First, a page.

Introduction to Blog

I launched the website and the Blog after having spoken to government officials, political analysts and security experts specializing in South Asian affairs from three continents. The feedback was uniformly consistent. The bottom line is that when Kashmiris are suffering and the world has its own set of priorities, we need to find ways to help each other. We must be realistic, go beyond polemics and demagoguery, and propose innovative ideas that will bring peace, justice and prosperity in all of Jammu and Kashmir.

The author had two reasons to create this blog. First, it was to address the question that was being asked repeatedly, especially, by journalists and other observers in the U.S., U.K., and Canada, inquiring whether the Kashmiri society was concerned about social, cultural and environmental challenges in the valley given that only political upheaval and violence were reported or highlighted by media.

Second, the author has covered the entire spectrum of societal issues and challenges facing Kashmiri people over an 8-year period with the exception of politics given that politics gets all the exposure at the expense of REAL CHALLENGES that will likely result in irreversible degradation in the quality of life and the standard of living for future generations of Kashmiris to come.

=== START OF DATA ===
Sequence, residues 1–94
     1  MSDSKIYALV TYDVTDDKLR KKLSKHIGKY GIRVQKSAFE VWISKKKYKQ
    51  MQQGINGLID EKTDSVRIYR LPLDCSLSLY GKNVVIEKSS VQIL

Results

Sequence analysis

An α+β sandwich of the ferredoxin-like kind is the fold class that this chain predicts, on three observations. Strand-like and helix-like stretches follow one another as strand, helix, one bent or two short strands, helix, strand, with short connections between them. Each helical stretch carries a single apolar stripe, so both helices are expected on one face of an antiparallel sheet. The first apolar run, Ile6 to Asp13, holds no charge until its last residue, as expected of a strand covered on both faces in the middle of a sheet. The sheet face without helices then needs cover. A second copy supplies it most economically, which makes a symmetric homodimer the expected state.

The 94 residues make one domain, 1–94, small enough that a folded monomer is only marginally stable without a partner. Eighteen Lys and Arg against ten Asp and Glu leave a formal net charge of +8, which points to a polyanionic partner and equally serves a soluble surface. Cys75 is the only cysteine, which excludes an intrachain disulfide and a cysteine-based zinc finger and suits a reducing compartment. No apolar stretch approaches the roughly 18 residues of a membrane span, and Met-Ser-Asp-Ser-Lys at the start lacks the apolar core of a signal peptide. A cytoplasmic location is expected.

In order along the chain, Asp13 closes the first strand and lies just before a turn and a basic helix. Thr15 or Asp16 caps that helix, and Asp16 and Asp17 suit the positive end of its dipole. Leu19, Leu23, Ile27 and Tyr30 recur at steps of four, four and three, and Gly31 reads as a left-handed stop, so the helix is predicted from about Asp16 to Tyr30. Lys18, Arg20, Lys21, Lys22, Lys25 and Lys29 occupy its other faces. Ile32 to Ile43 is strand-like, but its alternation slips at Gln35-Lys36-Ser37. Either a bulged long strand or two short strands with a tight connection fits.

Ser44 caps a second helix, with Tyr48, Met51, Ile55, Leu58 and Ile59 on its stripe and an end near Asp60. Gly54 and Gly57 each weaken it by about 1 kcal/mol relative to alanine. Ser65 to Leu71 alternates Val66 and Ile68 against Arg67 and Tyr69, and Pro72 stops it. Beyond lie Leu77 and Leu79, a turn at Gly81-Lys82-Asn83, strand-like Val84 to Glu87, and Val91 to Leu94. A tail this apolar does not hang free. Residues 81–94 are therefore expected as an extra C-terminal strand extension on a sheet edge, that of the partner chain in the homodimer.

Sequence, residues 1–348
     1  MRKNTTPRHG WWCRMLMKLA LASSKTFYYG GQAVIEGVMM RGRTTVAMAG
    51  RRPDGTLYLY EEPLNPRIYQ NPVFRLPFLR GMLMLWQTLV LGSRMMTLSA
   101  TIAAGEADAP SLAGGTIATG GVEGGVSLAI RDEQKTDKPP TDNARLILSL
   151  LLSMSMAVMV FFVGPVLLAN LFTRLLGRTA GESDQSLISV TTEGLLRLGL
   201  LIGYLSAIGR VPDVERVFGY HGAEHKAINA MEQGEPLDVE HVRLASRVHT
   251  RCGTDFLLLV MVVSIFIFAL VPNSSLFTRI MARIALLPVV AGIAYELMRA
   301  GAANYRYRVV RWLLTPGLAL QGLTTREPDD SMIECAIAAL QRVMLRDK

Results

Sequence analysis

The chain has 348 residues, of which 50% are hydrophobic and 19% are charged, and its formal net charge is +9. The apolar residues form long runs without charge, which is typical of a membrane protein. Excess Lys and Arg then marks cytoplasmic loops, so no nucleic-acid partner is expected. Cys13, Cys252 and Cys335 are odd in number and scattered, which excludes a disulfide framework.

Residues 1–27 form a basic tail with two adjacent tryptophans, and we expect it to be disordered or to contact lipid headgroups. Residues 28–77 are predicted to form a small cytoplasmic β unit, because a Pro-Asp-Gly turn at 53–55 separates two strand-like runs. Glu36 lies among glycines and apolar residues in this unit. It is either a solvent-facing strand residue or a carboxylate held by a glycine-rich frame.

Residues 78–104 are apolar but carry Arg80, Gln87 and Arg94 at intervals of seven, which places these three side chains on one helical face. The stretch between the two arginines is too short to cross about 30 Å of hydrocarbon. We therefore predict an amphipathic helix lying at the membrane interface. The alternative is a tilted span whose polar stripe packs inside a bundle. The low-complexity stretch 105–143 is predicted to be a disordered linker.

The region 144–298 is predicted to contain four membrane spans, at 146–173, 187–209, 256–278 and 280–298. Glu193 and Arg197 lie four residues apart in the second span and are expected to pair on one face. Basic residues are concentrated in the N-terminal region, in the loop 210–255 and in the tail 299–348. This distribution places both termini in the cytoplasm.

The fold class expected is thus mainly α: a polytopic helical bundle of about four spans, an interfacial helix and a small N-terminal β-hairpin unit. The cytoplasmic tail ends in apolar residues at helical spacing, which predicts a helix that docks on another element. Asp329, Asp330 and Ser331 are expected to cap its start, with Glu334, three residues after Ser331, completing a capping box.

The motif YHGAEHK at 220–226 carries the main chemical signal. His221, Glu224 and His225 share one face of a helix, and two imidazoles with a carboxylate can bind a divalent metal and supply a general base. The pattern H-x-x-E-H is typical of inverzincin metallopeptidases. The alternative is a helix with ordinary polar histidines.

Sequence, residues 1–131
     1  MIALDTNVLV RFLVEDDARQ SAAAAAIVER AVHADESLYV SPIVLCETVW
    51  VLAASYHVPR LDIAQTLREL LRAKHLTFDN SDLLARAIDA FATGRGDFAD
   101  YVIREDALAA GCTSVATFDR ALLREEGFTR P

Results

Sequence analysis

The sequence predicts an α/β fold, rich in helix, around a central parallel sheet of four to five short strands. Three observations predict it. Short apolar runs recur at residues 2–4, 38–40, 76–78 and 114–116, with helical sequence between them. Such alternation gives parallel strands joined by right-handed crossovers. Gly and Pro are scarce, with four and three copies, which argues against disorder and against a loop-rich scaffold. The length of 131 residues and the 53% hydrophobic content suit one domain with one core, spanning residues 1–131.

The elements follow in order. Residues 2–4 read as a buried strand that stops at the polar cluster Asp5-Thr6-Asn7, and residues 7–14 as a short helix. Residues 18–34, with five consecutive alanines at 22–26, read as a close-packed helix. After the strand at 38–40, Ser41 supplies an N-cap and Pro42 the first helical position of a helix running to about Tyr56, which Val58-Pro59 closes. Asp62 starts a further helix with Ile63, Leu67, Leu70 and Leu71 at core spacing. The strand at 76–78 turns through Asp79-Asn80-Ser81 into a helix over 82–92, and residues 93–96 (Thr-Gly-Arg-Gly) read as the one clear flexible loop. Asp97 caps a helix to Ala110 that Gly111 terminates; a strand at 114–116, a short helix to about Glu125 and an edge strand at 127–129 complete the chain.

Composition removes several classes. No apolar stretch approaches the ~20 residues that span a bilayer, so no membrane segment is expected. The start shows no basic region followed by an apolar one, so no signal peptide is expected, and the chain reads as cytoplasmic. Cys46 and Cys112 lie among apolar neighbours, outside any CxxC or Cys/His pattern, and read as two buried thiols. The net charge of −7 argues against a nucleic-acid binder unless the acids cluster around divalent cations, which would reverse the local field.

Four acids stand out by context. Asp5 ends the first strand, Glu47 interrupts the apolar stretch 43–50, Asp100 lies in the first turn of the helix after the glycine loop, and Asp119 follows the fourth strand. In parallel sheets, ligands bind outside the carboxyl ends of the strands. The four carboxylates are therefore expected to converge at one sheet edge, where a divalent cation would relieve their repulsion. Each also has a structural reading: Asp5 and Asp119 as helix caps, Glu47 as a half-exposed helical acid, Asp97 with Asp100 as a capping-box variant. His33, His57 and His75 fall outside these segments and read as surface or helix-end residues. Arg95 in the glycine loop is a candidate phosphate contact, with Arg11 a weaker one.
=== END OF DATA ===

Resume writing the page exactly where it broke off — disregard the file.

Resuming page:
The author stopped adding additional material to the Blog once it was felt that most, if not all, concerns, challenges and issues facing the Kashmiri society are cataloged in the Blog. There are over 1900 entries in the Blog and most commentaries include short biographical sketches of authors to bring readers close to the essence of Kashmir. Unfortunately, the 8-year assessment also indicates that neither Kashmiri civil society, nor intellectuals or political leadership have any inclination or enthusiasm in pursuing issues that do not coincide with their vested political agendas. What it means for the future of Kashmiri children and their children is unfathomable. But the evidence is all laid out.

This Blog is a reality check on Kashmir. It is a historical record of how Kashmir lost its way.

Vijay Sazawal, Ph.D.

Tuesday, June 3, 2008

When Ignorance is a Curse!

Afsana drops in to check the psychiatric hospital and uncovers the unspoken side of the Kashmiri culture

(Ms. Afsana Rashid, 29, was born and raised in Srinagar and attended the Minto Circle High School. She graduated from the Government College for Women with a Bachelor's degree in science, and completed her post-graduation degree from the University of Kashmir, obtaining her Master's Degree in Mass Communication and Journalism. Ms. Rashid works as a senior journalist in the Daily Etalaat. She has received numerous world-wide recognition and awards for covering economic depravation and gender sensitive issues in Kashmiri journals, which include Sanjoy Ghose Humanitarian Award, Bhorukha Trust Media Award 2007, and the 2006-07 UNFPA-Ladli Media Award. Her work on "Impact of conflict on subsistence livelihood of marginalised communities in Kashmir and Alternatives", was recognized by Action Aid India in 2005-06. She has travelled abroad attending a workshop on "conflict Reporting" by Thomson Foundation, Cardiff, UK, and a seminar for women in conflict areas by IKV Pax Christi, Netherlands. In February 2008, she compiled a book, "Waiting for Justice: Widows and Half-widows.")

A Visit to Srinagar Psychiatric Hospital